During the 20th century, agriculture underwent many unsustainable changes for the sake of greater food production. Today, the effects of climate change are becoming ever more apparent and the global population continues to grow, placing additional pressures on agricultural systems. For this reason, it is vital to turn international agriculture towards a sustainable future capable of providing healthy, bountiful foods by using methods that preserve and reconstruct the balance of natural ecosystems.

Fungi are an underappreciated, underutilized group of organisms with massive potential to aid in the production of healthy food and other products while also increasing the sustainability of agricultural systems. Mycoagroecology: Integrating Fungi into Agroecosystems lays the foundations for integrated fungal-agricultural understanding and management, the proposed practice of “mycoagroecology”. Suitable for students and professionals of multiple disciplines, this text includes nine introductory chapters that create a firm foundation in ecosystem functioning, evolution and population dynamics, fungal biology, principles of crop breeding and pest management, basic economics of agriculture, and the history of agricultural development during the 20th century. The latter half of the text is application-oriented, integrating the knowledge from the introductory chapters to help readers understand more deeply the various roles of fungi in natural and agricultural systems:

PARTNERS: This text explores known benefits of wild plant-fungal mutualisms, and how to foster and maintain these relationships in a productive agricultural setting.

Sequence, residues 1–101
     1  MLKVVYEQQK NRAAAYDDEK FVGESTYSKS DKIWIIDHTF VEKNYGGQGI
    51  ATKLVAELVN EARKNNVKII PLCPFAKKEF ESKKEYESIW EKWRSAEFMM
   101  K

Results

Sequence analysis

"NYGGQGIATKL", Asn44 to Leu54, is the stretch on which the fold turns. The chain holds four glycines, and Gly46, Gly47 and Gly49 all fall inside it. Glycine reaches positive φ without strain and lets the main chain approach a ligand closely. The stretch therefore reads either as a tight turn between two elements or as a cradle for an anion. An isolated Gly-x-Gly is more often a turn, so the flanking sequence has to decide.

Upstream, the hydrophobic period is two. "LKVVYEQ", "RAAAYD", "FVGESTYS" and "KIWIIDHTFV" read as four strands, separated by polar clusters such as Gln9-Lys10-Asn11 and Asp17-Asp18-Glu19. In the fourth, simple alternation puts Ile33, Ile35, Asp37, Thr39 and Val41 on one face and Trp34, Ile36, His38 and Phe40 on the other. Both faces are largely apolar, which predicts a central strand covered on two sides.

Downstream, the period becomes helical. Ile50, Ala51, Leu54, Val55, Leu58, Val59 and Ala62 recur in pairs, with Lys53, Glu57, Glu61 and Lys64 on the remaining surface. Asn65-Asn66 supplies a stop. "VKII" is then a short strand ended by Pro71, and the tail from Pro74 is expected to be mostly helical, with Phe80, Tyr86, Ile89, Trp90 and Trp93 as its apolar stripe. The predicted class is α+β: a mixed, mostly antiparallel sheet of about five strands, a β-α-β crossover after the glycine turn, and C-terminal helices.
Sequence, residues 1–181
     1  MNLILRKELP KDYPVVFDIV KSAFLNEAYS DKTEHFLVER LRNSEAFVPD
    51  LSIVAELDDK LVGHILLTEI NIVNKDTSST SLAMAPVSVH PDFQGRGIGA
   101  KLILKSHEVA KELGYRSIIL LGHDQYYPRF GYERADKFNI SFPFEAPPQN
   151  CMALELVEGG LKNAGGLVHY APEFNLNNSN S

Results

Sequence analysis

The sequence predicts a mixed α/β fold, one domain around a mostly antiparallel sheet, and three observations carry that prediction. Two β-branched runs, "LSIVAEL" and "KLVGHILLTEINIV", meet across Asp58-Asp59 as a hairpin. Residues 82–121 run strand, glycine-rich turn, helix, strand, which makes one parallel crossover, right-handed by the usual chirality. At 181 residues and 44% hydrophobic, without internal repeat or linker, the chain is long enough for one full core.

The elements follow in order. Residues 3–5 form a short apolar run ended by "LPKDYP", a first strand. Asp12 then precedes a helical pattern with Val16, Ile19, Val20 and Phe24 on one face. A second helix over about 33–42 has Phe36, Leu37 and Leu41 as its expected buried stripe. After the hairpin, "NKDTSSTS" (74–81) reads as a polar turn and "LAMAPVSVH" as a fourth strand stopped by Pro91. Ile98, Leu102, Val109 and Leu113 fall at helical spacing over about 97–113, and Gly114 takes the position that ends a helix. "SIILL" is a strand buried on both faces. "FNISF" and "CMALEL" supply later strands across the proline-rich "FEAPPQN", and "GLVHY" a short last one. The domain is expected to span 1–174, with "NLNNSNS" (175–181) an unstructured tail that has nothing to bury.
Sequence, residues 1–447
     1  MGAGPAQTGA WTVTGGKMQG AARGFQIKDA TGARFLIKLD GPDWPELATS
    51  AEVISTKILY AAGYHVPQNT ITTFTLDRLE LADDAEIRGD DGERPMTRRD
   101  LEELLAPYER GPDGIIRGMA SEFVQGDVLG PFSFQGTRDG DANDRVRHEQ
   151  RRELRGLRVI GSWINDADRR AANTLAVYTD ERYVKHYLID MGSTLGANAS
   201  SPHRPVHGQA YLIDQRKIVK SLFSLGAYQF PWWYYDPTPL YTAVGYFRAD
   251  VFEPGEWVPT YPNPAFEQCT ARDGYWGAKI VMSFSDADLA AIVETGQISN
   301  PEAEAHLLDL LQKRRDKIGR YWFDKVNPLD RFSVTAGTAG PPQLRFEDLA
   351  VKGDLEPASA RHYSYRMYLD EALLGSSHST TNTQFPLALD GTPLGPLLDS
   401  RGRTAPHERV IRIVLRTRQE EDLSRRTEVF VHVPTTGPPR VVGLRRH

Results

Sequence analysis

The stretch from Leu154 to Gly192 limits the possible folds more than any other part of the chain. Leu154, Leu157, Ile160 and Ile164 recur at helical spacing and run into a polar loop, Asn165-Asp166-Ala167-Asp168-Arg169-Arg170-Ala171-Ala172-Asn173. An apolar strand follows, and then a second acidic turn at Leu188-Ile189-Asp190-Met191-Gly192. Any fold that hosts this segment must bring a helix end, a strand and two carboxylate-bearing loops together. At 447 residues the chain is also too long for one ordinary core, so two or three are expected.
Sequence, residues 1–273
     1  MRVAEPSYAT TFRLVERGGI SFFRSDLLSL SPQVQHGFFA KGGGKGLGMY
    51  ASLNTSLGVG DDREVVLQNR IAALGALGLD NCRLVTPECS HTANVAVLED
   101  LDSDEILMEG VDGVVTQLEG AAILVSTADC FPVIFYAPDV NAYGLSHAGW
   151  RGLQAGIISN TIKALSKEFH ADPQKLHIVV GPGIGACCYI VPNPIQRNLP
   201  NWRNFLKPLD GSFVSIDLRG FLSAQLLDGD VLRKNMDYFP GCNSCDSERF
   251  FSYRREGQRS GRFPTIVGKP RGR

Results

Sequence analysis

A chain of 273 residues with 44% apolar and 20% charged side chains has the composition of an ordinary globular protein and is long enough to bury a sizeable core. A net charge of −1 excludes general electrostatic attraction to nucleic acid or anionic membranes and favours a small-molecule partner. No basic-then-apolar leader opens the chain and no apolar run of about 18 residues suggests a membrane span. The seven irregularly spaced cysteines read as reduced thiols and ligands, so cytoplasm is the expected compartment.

PESTS AND PEST CONTROL AGENTS: This text acknowledges the historical and continuing role of agriculturally significant fungal pathogens, surveying modern chemical, biotechnological, and cultural methods of controlling them and other pests. However, this book also emphasizes the strong potential of beneficial fungi to biologically control fungal, insect, and other pests.

PRODUCTS: This text covers not just isolated production of mushrooms on specialized farms but also the potential for co-cropping mushrooms in existing plant-based farms, making farm systems more self-sustaining while adding valuable and nutritious new products. An extensive chapter is also devoted to the many historical and forward-facing uses of fungi in food preservation and processing.


chapter 3|8 pages

Population Dynamics

chapter 9|14 pages

The Green Revolution

Agricultural Shifts of the 20th Century

part Section I|25 pages


part Section II|55 pages

Pests and Pest Control Agents

chapter 13|14 pages

Fungal Diseases in Agriculture

Significance, Management, and Control

part Section III|49 pages